The owner of a popular San Jose taproom has become the most recent high-profile figure in the craft brewery industry to resign amid allegations of sexual harassment and misconduct. Ryan Summers, the owner of Good Karma Artisan Ales & Cafe and Pizza Flora in downtown San Jose, formerly resigned on Sunday, and promised to remove himself from his ownership role.
"The community has demanded my resignation," Summers wrote on the Good Karma Instagram account. "Therefore, effective immediately, I will be removing myself from daily operations of both Good Karma and Pizza Flora." Summers went on to say that he is considering handing over ownership to former or existing staff. Summers also said he would give up his apartment above Good Karma; there were accusations that Summers would lure intoxicated female employees to his apartment to take advantage of them, according to San Jose Spotlight.
Summers was accused of misconduct on the Instagram account Embolden Act Advance, an organization anonymously sharing stories of harassment, misogyny, and abuse in the alcohol industry. "Ryan Summers created a culture of complicity that reinforced sexual harassment as normal, encouraged boy's club behavior, and kept his workers quiet," read a post in Embolden's "CA Stories."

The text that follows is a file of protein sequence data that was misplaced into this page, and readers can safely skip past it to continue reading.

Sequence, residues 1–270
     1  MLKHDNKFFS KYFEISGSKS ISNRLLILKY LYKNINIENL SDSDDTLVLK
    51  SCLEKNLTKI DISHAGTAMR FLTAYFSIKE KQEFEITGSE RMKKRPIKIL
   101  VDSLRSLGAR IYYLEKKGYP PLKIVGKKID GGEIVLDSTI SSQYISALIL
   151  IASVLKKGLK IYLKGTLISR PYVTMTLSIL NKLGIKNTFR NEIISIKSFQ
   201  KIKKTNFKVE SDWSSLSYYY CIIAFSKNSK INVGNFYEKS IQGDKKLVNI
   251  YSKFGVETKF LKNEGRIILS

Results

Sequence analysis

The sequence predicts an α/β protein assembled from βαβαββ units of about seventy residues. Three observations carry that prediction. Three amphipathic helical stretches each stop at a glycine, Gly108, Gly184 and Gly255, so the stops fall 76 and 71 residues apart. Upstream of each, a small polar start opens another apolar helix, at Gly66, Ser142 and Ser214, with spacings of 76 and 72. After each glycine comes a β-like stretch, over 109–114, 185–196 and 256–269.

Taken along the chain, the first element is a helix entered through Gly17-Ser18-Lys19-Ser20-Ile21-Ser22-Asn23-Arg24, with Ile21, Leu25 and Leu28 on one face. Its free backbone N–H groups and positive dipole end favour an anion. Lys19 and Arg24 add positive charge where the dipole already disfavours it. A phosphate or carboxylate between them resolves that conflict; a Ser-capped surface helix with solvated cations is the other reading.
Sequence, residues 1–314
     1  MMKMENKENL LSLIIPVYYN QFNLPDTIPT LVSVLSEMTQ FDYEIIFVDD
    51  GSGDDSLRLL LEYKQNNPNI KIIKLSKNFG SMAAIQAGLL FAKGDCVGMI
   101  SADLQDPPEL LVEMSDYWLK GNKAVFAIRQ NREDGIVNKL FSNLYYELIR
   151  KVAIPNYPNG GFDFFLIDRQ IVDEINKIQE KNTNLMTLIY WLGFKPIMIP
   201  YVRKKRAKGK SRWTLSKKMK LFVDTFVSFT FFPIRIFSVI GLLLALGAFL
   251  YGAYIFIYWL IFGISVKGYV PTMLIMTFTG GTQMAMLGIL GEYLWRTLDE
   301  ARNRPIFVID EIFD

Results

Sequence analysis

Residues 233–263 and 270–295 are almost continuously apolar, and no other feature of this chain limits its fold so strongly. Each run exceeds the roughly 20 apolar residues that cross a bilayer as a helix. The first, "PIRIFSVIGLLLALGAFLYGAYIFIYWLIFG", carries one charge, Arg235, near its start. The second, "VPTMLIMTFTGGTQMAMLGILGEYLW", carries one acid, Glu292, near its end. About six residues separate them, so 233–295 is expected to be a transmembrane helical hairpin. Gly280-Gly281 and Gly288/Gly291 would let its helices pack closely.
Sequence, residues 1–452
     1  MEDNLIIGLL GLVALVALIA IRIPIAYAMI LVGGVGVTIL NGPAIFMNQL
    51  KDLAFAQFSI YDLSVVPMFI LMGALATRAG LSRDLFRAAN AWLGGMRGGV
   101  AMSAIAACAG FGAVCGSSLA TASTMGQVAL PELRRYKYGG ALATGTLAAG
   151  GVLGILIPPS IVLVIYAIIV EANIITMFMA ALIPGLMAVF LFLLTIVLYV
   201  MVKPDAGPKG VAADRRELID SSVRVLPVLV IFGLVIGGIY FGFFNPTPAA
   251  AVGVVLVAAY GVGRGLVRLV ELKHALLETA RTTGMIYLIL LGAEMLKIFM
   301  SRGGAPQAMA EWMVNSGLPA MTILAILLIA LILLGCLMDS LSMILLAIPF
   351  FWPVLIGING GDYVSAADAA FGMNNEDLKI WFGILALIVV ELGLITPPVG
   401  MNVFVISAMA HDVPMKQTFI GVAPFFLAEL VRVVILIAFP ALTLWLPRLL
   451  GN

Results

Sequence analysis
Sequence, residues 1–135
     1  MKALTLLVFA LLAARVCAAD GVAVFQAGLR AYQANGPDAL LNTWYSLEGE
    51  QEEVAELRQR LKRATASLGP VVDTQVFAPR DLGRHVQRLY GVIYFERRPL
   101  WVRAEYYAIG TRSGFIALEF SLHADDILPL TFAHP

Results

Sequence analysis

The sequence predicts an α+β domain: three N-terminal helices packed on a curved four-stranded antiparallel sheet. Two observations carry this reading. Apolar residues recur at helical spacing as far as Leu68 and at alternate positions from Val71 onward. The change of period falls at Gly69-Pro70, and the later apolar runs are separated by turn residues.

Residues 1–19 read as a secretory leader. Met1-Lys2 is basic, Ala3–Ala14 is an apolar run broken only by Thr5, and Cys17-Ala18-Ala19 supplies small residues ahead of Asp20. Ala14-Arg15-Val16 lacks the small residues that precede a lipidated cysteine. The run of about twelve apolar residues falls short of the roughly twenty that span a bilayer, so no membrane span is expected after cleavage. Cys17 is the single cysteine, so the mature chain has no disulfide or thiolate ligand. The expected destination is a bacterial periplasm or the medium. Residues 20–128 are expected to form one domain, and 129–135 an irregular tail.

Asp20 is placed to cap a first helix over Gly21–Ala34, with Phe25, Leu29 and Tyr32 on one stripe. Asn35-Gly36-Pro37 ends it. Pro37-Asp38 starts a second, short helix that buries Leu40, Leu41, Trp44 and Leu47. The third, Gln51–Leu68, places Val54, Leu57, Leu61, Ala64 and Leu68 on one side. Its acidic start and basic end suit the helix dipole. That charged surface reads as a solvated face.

Ryan Summers at Good Karma Artisan Ales & Cafe in San Jose in 2013. Source: Facebook
Last week, in his initial response to the allegations, Summers said that he had done "an enormous amount of self analysis, soul searching and investigations into these accounts." He added, "This will change immediately and I cannot begin to apologize enough for not taking up these issues long ago." Summers had promised action, including diversity and inclusion training, and unconscious bias prevention.
That apology caused a backlash, according to the Mercury News, which wrote, "[Social media] commenters told him his apology sounded like ‘damage control,’ instead of an effort to truly acknowledge wrongdoing and take responsibility." Summers formally announced his full resignation a few days later.
The craft beer industry has faced a growing chorus of allegations like this, and multiple owners and workers at taprooms across the country, and here in the Bay Area, have resigned or been removed. In Oakland, an assistant brewer was fired after allegations of misconduct; the founder and head of Modern Times Beer, which is based in San Diego but has a taproom in Oakland, resigned in late May, according to the San Francisco Chronicle.
A historic culture of bad behavior extends well beyond beer into the larger hospitality industry. In 2019, the New Yorker chronicled the “excess of the restaurant industry,” as well as a number of prominent chefs who had gotten sober and reflected on the cultures they had fostered at their establishments. “Until very recently, debauchery was considered inescapable in some corners of the restaurant industry," the New Yorker wrote.
One high-profile chef was quoted as saying, “Admitting you’re an alcoholic is less of a taboo than it was ten years ago — even in the kitchen.”